Last June I wrote about how the Atlanta Falcons were very likely to suffer regression in 2017 from their all-time great offense a year ago. Now that the Falcons season is nearly over, it’s time to really break down what sort of step back this team experienced this year.
There is no doubt that the Falcons took a major step back in terms of the points scored this season in comparison to what they did last year. The 2016 Falcons offense scored 540 points during the regular season, which tied for the eighth most in NFL history.
In 2017 the Falcons generated a far from historic 353 points, settling for a decidedly average 15th ranked offense this season.
The final verdict is that decline in scoring led to the biggest regression in the ensuing year among teams that scored 500 or more points since 2000.
Falcons Regressed More than Any High-Powered Offense This Century
A year ago I looked at 13 offenses since 2000 that scored 500 or more points during the regular season. All but one of those units saw a decline in scoring the following season. On average for each of those teams that decline was by 17.8 percent.
Well, the Falcons drop in points this year was by 34.6 percent, eclipsing that of the 2015 Carolina Panthers that saw a decline of 26.2 percent the following year, the worst in that 13-team sample.
In fact, only the 1998 Denver Broncos prevented the Falcons from claiming the title of biggest regression in NFL history as they saw a bigger drop-off (37.3 percent) in 1999. Certainly, the primary cause for the Broncos’ regression was the retirement of Hall-of-Fame quarterback John Elway after 1998 and the debut of second-year passer Brian Griese as the Broncos starter the following year.
Unfortunately, the Falcons can’t blame their 2017 decline much on a dramatic shift at the quarterback position or really any major spot on the offense from the player standpoint. Instead, there is one major change of note for the Falcons and that’s new offensive coordinator Steve Sarkisian taking over from Kyle Shanahan, who left Atlanta to become the head coach of the San Francisco 49ers.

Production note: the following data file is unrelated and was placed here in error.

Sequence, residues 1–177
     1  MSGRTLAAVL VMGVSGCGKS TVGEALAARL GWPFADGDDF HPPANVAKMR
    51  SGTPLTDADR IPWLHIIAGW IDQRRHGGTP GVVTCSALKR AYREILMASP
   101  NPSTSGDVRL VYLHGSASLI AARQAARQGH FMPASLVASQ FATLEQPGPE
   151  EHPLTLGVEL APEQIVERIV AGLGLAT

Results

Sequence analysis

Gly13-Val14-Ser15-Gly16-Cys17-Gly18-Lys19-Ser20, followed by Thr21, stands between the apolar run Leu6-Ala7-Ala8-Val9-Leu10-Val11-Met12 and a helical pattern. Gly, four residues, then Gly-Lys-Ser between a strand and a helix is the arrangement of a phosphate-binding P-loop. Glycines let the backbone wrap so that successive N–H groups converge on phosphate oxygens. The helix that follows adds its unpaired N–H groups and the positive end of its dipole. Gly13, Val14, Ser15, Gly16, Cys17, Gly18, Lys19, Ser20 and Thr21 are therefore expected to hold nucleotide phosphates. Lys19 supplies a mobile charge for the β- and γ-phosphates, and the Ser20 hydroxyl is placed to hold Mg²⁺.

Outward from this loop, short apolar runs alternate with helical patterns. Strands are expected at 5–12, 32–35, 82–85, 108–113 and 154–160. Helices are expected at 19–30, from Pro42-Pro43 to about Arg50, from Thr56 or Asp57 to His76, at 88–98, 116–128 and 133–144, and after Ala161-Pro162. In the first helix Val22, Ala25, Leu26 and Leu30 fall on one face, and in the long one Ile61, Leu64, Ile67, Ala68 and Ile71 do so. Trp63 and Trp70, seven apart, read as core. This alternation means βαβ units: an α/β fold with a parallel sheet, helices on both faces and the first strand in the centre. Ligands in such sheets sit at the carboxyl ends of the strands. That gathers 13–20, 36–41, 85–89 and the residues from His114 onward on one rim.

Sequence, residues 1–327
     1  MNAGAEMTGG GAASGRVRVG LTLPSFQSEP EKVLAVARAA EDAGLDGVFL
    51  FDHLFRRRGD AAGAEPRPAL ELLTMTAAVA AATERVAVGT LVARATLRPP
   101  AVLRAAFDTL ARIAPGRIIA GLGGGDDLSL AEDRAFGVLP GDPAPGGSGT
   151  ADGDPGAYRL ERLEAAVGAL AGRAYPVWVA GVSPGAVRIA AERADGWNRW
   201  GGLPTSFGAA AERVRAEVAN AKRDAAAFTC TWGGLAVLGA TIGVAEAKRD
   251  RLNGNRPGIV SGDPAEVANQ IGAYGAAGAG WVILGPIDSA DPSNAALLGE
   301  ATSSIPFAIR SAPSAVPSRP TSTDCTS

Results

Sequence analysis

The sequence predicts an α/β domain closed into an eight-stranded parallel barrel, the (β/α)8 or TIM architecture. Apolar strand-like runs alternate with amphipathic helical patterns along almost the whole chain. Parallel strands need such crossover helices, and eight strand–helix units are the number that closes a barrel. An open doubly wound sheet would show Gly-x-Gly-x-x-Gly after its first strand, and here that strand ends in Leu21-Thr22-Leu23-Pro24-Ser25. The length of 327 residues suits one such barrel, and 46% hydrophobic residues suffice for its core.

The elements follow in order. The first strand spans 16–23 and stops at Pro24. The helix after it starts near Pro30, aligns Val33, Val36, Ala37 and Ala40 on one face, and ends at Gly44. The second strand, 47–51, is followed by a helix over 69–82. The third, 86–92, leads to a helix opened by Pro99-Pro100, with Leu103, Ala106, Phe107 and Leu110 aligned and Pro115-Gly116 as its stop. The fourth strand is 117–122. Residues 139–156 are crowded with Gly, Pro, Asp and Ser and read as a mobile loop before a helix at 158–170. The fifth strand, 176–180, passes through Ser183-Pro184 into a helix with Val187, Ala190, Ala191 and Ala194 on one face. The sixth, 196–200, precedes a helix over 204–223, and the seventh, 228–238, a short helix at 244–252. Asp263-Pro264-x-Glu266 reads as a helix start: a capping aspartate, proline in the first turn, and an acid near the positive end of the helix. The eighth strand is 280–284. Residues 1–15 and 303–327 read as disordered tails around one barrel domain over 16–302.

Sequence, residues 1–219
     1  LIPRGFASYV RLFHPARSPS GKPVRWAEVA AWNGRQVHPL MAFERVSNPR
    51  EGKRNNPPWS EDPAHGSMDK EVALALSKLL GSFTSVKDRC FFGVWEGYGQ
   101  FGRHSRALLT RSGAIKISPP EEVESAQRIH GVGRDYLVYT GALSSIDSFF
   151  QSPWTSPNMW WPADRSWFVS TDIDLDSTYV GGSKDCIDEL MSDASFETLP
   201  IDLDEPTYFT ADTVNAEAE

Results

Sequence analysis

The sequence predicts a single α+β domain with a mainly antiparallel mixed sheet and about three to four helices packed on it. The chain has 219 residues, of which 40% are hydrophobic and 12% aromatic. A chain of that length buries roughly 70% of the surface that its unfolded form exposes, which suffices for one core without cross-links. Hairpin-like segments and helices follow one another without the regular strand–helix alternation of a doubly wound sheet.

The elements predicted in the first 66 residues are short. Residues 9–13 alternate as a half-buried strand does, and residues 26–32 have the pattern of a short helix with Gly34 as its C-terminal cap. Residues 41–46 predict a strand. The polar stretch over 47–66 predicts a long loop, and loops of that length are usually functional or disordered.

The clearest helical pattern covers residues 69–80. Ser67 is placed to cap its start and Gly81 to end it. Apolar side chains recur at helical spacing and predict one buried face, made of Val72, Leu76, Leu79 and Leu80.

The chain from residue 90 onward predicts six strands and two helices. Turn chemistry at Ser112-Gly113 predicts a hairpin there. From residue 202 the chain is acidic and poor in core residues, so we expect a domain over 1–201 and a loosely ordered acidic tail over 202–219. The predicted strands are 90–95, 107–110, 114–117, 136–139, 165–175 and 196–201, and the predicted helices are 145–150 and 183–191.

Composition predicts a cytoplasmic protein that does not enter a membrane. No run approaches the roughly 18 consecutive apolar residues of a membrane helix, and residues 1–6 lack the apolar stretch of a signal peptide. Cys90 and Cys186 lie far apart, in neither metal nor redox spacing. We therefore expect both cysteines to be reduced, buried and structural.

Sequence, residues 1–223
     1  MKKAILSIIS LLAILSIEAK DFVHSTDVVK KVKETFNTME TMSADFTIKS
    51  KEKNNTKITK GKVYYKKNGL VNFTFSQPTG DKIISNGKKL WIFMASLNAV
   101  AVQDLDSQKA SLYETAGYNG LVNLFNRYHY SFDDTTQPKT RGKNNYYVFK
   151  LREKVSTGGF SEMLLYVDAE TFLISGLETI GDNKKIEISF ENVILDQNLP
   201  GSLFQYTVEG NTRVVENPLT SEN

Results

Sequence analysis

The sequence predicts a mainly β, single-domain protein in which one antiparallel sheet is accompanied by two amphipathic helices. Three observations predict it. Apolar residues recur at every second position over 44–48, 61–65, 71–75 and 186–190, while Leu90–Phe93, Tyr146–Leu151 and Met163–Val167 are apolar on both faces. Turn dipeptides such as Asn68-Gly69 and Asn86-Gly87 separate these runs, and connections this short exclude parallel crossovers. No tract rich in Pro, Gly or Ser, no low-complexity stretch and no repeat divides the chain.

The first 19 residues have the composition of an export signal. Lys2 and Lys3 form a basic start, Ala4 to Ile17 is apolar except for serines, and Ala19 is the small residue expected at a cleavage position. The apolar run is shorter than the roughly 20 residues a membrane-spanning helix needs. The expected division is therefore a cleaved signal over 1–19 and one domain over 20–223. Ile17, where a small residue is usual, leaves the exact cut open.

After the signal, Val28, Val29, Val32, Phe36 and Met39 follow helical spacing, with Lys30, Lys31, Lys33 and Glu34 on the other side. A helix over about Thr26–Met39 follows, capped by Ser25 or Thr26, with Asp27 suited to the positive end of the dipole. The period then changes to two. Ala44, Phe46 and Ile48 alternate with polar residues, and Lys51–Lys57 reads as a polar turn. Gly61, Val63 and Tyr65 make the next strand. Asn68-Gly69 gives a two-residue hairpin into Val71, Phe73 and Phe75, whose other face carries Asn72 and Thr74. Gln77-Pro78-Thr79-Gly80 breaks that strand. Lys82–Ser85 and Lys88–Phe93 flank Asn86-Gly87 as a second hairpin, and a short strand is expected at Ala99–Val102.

In June, I noted that it was unprecedented among high-scoring offenses how a shift like the one from Shanahan to Sarkisian would impact the Falcons offense this year. Few teams in the post-2000 dataset were forced to overcome such a major shift in their coaching staff from one year to the next year. Those that did have changes among play-callers often had some semblance of continuity with a former coach returning or a long-time assistant being promoted from the previous year’s staff.
So one could say that the precedent has now been set that a team changing play-callers from an experienced one in Shanahan to a relatively green one in Sarkisian will suffer significantly more regression that the average team. In the Falcons case, that was nearly twice as much.
Falcons Swapped Out High Scoring Games For Low Ones
One of the other points I outlined in that piece from last June, was what a realistic output in scoring could look like for the Falcons using past New England Patriots offenses as a template. I did so by comparing the number of games each team had scoring a certain interval of points.
I used very unscientific four-point intervals between 20 and 40 points to show how much better the Falcons were at putting up huge point totals in comparison to a relatively stable and high-scoring unit like the Patriots from 2010 to 2016.